Senator Wiener’s Net Neutrality Bill Clears Final Senate Policy Committee
Sacramento– Senator Scott Wiener’s (D-San Francisco) bill to restore net neutrality in California passed the Senate Judiciary Committee today. Senate Bill 822 restores the net neutrality protections put in place by the Federal Communications Commission under President Obama in 2015. These protections were repealed by the FCC under President Trump.
SB 822 establishes brightline rules around fast lanes and zero rating, and charges the Attorney General with enforcing these rules. These net neutrality standards will ensure that all California residents have the right to choose whether, when, and for what purpose they use the internet.
SB 822 passed the Senate Judiciary Committee by a vote of 5-2 with Senators Hannah Beth-Jackson (D-Santa Barbara), Robert Hertzberg (D-Van Nuys), Bill Monning (D-Carmel), Henry Stern (D-Canoga Park), and Bob Wieckowski (D-Fremont) in support. SB 822 previously passed the Senate Energy, Utilities, and Communications Committee by a vote of 8-3. The bill now moves to the Senate Appropriations Committee.
“California can – and must – step up to re-establish the Obama-era net neutrality rules to protect consumers and our democracy,” said Senator Wiener. “Yesterday, the Trump Administration’s repeal of net neutrality went into effect, leaving people all across our country vulnerable to internet access manipulation by corporations looking to benefit shareholders and bottom lines. The good news is that SB 822 has support from a diverse and growing coalition, and we can win the fight to bring back net neutrality for California residents.”
SB 822 has received broad support from public interest groups, small business organizations, internet start-ups, elected leaders, and tens of thousands of California residents. Last week, Attorney General Xavier Becerra announced support for the bill. Tom Wheeler, who served as Chair of the FCC under President Obama in 2015, wrote the following in a letter signed by two other former FCC Commissioners: “SB 822 steps in to protect Californians and their economy by comprehensively restoring the protections put in place in the 2015 net neutrality order.”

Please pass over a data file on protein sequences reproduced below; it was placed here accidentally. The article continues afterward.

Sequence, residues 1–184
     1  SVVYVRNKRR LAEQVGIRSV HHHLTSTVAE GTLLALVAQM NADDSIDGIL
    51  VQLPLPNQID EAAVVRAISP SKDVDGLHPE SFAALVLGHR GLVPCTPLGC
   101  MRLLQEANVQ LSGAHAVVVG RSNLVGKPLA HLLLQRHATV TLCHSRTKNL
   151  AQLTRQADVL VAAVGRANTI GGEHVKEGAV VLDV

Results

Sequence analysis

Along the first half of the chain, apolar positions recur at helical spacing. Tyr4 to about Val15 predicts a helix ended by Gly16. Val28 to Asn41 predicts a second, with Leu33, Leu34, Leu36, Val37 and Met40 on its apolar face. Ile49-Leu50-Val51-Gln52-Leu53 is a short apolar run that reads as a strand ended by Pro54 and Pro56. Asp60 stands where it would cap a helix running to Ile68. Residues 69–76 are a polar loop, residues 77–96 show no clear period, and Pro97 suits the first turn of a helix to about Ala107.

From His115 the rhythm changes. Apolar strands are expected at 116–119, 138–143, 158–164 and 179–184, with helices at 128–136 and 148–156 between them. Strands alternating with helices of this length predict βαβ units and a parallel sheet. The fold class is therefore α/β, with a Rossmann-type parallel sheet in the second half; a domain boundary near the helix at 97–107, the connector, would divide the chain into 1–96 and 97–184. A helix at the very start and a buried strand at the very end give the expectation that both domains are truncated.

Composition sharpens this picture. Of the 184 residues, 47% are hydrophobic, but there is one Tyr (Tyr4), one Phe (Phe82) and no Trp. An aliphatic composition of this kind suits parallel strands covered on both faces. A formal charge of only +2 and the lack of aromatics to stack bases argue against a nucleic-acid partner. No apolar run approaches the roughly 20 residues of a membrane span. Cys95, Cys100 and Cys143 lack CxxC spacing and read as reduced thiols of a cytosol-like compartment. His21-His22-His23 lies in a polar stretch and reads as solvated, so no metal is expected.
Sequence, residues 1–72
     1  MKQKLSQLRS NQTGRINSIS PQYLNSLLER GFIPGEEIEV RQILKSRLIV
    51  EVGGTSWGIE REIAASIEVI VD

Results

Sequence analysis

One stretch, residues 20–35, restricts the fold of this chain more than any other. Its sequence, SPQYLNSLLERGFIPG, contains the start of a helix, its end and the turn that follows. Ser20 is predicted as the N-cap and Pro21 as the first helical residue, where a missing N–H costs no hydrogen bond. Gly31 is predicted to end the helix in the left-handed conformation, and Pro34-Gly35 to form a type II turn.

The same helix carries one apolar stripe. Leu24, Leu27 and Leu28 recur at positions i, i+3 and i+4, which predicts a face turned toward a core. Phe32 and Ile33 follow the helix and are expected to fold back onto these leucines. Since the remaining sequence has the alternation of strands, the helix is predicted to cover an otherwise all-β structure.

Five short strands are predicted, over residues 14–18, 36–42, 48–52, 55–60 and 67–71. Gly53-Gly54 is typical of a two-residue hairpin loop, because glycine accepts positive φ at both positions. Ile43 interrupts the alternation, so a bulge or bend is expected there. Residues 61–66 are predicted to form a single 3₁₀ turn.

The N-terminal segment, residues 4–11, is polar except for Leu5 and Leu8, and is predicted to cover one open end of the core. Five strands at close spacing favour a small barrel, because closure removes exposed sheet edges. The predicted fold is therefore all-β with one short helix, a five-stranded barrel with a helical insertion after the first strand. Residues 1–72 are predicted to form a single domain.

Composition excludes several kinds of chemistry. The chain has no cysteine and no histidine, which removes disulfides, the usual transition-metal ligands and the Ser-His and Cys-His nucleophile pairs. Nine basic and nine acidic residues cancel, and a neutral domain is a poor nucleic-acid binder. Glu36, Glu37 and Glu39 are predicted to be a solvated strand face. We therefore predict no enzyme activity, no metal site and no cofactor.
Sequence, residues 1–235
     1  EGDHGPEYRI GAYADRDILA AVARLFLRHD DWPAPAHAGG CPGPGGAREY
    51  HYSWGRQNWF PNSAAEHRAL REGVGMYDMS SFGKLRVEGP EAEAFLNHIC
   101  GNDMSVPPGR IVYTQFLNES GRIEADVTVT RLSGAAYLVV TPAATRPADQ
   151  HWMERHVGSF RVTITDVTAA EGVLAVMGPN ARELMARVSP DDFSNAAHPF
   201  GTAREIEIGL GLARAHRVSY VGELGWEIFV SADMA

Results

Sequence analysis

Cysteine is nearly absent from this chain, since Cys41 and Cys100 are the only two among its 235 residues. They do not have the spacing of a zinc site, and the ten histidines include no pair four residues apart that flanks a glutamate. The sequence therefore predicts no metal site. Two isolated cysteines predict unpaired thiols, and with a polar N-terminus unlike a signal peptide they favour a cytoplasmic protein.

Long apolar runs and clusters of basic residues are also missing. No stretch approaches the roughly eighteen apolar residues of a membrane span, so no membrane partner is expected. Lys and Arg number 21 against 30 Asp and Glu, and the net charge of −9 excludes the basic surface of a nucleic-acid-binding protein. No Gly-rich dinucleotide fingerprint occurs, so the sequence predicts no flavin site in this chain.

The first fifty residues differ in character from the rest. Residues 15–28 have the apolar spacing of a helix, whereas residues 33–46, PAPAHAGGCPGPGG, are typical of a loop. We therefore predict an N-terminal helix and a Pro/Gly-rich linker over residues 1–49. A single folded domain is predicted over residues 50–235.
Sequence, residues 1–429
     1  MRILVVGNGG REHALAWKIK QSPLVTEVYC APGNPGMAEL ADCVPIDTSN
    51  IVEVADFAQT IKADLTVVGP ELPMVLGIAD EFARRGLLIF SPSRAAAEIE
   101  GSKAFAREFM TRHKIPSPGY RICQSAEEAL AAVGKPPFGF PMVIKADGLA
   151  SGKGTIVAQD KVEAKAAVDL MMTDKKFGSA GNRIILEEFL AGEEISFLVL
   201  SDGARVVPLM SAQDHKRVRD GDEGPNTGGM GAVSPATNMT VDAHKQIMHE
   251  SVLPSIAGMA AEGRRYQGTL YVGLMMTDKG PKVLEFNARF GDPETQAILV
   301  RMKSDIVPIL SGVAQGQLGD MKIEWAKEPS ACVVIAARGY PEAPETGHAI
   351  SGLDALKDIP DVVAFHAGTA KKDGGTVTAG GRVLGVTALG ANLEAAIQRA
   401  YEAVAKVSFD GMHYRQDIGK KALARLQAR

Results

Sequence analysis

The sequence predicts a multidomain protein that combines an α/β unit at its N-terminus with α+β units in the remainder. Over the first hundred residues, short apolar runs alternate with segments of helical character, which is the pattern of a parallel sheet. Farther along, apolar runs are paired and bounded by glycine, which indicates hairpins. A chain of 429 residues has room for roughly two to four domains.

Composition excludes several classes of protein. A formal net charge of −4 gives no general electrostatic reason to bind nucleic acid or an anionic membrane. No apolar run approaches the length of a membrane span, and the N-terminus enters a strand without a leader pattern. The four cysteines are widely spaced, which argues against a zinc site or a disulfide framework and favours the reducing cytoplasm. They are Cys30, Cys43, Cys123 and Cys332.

SB 822 is co-authored by Senators Ben Allen (D-Santa Monica), Bill Dodd (D-Napa), Jerry Hill (D-San Mateo), Connie Leyva (D-Chino), Mike McGuire (D-Healdsburg), Bill Monning (D-Carmel) and Nancy Skinner (D-Berkeley), and Assemblymembers Richard Bloom (D-Santa Monica), Rob Bonta (D-Oakland), David Chiu (D-San Francisco), Laura Friedman (D-Glendale), Ash Kalra (D-San Jose), Kevin Mullin (D-South San Francisco), and Phil Ting (D-San Francisco.)
At its core, SB 822 stands for the basic proposition that the role of internet service providers (ISPs) is to provide neutral access to the internet, not to pick winners and losers by deciding (based on financial payments or otherwise) which websites or applications will be easy or hard to access, which will have fast or slow access, and which will be blocked entirely.
Specifically, SB 822 prohibits any practice that hinders or manipulates consumer access to the Internet to favor certain types of content, services, or devices over others. This includes prohibiting all of the following: blocking or speeding up or slowing down of favored data, paid prioritization, charging services (whether businesses, nonprofits, government agencies, advocacy organizations, etc.) access fees to reach certain consumers, and economic discrimination practices that distort consumer choice.
Coverage of SB 822
“When federal regulators decide to not do their jobs, the states have to step in. Now that the big ISPs got what they wanted in Washington, D.C., it's up to Sacramento to show they should have been more careful about what they wished for.”
Mercury News: Why California must pass net neutrality legislation by the Editorial Board
“Wiener’s bill contains the strongest protections against such abusive practices of any state that has passed or is considering net neutrality laws. The San Francisco Democrat’s legislation encourages creativity and innovation by ensuring that small businesses and startups essential for California’s economy be able to compete with the likes of Netflix.”
San Francisco Chronicle: If FCC won’t regulate Internet, California should by the Editorial Board
“The emerging patchwork of state regulations being lamented by the industry is a direct result of its successful lobbying to undo FCC rules that applied nationwide. With online abuse and manipulation coming under ever more scrutiny, the federal retreat looks even more unacceptable in retrospect.”